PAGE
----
Presentation to The Elliott School of International Affairs, George Washington University
It has been six years and three days since the Al Qaeda attack on the American homeland. I doubt anyone in this room woke up on September 12th, assuming you were able to sleep that night, thinking it would be more than six years before America would be attacked again.
On September 10th, 2001, our military, industrial, diplomatic and intelligence apparatuses were not well configured for the terror war. Yet they have responded with impressive speed and success. America and our allies have hammered Al Qaeda, overthrown two terror regimes on the other side of the world, and realigned a third.
Few would have predicted that on September 12th. The away game launched by the American military-industrial-intelligence complex has thus far kept our families and cities safe for 72 months from further attack.
Back in the defense aerospace recession of the 1990s, you also never would have guessed that within a few years our defense industrial sector – both public and private – could have handled an operation that includes a big NATO mission in land-locked central Asia, standing up a new Africa Command, and American Marines crossing the Iraq-Syrian border searching for and killing terrorists…600 miles from their sea-bases. But American weapons, logistics, and technology have once again delivered for a global operation that is so ambitious even Napoleon would blush.
During the 1990s public and private sector defense players were fighting over scraps from multiple Base Closing rounds, while the public sector depots were being sealed off from private competition by a Congress controlled by supposedly conservative Republicans. Giant defense companies were dabbling in unlikely business ventures like cruise ships and the internet. But as the terror war unfolded this decade, public-private partnerships emerged at the heart of the defense industrial base and logistics chain, and they are working.
Commercial companies like UPS are flying pallets into airfields in Iraq and Afghanistan on a daily basis, and flying broken parts back to America for repair. DHL and FedEx do daily deliveries to coalition bases across Iraq. Gold-plated industrial giants like Honeywell and Caterpillar are conducting repairs and managing supply-chains for the Army and Navy. And Kellogg, Brown and Root has emerged as the private sector equivalent of the Defense Logistics Agency. That company is so deep into the anti-terror fight it has now lost 110 dead and 325 wounded in Iraq and Afghanistan.
At the publicly-owned but privately managed ammunition plant in Lake City, Missouri, the Army and Alliant Techsystems surged from producing 300 million rounds of small caliber ammo to one billion rounds in one year. Lake City will deliver 1.4 billion small caliber rounds to the government this fiscal year. Since 2000, 5.56mm production is up 367%, 7.62mm is up 880%, and .50 cal is up 1200%.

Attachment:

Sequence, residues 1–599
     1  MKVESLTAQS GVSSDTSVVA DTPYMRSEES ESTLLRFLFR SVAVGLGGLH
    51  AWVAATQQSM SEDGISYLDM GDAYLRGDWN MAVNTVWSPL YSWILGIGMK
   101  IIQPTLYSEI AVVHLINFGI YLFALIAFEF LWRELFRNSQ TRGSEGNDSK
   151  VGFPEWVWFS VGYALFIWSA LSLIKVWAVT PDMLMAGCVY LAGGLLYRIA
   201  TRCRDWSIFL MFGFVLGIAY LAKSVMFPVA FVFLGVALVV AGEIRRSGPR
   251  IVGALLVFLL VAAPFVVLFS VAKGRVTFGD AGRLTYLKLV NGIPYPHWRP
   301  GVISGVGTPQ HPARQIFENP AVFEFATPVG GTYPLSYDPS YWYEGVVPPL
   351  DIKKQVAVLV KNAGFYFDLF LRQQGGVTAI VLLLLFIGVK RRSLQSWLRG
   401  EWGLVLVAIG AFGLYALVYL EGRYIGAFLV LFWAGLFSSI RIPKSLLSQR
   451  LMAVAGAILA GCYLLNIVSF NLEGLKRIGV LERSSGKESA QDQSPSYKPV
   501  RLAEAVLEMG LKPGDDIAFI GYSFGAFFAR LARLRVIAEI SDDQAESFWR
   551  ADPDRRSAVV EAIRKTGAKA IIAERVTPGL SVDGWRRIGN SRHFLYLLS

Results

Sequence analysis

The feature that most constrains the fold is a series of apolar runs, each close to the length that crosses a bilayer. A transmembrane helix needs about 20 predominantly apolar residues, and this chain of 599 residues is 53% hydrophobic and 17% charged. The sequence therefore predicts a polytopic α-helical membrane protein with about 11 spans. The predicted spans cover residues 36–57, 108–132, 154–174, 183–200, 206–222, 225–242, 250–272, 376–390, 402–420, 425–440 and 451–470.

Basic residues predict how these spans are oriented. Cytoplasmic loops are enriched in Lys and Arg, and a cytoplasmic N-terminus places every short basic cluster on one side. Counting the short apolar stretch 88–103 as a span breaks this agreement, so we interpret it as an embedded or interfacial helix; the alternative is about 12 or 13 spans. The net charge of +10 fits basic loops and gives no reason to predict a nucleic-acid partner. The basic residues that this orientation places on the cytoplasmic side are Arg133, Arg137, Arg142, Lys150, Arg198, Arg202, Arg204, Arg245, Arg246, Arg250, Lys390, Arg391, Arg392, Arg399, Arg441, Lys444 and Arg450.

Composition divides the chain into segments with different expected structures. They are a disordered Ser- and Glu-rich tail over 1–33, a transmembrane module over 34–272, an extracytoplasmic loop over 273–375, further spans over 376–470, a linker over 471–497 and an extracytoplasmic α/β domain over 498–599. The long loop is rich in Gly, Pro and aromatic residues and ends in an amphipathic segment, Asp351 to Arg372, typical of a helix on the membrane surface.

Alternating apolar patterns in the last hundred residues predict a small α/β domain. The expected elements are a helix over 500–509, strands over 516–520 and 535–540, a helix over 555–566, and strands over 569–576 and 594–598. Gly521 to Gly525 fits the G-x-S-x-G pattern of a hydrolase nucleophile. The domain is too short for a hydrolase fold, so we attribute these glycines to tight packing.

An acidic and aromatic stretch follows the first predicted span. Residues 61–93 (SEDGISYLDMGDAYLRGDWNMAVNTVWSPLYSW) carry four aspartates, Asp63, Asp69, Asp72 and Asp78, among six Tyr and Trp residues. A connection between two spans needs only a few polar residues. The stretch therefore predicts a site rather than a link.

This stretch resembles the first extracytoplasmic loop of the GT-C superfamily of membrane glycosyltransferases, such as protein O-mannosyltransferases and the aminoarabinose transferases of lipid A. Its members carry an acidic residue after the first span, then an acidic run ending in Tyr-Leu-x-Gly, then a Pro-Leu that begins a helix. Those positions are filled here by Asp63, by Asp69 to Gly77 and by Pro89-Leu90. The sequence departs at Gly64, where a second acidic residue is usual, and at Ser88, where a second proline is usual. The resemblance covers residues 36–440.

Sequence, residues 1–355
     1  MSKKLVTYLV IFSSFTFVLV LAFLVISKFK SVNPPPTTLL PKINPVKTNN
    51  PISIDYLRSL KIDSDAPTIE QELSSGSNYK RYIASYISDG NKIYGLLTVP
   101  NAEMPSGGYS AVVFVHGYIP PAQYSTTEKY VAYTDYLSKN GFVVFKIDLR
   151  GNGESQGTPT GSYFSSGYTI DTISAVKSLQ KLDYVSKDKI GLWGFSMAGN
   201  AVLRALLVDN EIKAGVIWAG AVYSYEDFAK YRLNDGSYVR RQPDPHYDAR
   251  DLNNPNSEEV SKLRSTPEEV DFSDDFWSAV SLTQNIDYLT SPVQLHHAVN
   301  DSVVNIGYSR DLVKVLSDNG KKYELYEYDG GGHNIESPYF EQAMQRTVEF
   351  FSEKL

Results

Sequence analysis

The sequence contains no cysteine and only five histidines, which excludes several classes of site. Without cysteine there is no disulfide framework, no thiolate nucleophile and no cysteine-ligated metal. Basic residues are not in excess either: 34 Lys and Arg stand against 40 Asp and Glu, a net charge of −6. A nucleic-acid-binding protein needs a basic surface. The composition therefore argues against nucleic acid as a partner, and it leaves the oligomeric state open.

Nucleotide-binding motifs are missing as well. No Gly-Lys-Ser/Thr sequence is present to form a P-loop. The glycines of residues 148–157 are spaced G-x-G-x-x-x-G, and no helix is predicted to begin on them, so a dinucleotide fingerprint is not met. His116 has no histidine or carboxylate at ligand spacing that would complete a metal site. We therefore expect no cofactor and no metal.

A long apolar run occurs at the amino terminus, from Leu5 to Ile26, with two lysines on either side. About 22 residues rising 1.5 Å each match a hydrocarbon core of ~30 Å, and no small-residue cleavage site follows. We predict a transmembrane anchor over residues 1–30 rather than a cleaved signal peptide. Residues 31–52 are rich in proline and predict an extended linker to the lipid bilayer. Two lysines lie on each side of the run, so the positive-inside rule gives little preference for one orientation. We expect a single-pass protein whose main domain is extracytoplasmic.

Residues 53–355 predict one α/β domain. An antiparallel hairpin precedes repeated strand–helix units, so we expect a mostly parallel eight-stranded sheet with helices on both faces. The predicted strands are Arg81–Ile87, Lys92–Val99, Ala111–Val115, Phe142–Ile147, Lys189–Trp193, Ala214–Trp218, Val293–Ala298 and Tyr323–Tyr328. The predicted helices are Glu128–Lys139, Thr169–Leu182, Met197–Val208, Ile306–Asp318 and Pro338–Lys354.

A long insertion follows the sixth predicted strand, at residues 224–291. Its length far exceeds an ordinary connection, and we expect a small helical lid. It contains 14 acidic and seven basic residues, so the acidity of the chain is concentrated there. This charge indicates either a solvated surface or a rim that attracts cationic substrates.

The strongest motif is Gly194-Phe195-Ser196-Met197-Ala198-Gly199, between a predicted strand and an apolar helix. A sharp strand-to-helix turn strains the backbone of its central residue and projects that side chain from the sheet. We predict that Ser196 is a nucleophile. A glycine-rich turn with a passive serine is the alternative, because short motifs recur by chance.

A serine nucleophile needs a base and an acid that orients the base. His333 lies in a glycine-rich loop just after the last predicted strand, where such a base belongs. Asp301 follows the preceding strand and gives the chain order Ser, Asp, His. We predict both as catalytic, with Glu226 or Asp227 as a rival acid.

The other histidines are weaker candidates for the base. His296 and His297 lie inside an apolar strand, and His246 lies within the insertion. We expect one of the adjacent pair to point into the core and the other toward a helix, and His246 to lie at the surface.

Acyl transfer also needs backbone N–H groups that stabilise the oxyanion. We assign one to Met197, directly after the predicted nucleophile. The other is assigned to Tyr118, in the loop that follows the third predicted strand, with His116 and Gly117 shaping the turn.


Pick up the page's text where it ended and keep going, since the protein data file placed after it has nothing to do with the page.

The ammo surge has been so huge the Army decided it better establish a second source of supply if for any reason this single critical source was disrupted. PEO Ammo made that decision just as Katrina was crossing the Louisiana coast.
Navy Inventory Control Point is driving its Performance Based Logistics contracts from 20% to 50% of the total value of their maintenance budgets. NAVAIR would like to go even higher. The Navy’s F-18 E/F PBL has raised reliability and improved availability to 85% relative to the older model F-18 C/D, which is at 67%. Cost savings are projected to be roughly $1 billion over the 30 year life cycle of the Super Hornet – averaging $33.4 million a year.
The Army has thrown open its public sector depot gates to private contractors. The Army Materiel Command’s Anniston, Alabama depot may be the most impressive operation of all. Its civilian government leadership has pioneered public-private cooperation and co-production, starting well before 9-11. General Dynamics manages its M1 Abrams tank lines there, while also doing final assembly of all its Stryker armored vehicle variants at the depot.
At Red River Army Depot in northeast Texas, the Army and BAE Systems are also resetting and upgrading Bradley Fighting Vehicles, again as a public-private partnership.
At the Army’s major helicopter repair depot in Corpus Christi, Texas, General Electric has brought Lean management practices inside the gate and helped the government drive down the engine overhaul time of sand-eaten, weather-beaten choppers by 80%.
In two government shipyards General Dynamics is managing the conversion of four nuclear powered ballistic missile submarines into cruise missile and SEAL platforms. GD also performs repairs and maintenance on attack submarines at her own Groton, Connecticut shipyard.
At the privatized Kelly Air Logistics Center in San Antonio, Texas, Boeing, Lockheed Martin, and Standard Aero now manage an aircraft logistics center that some key Air Force loggies consider an asset as valued as one of their own public sector depots.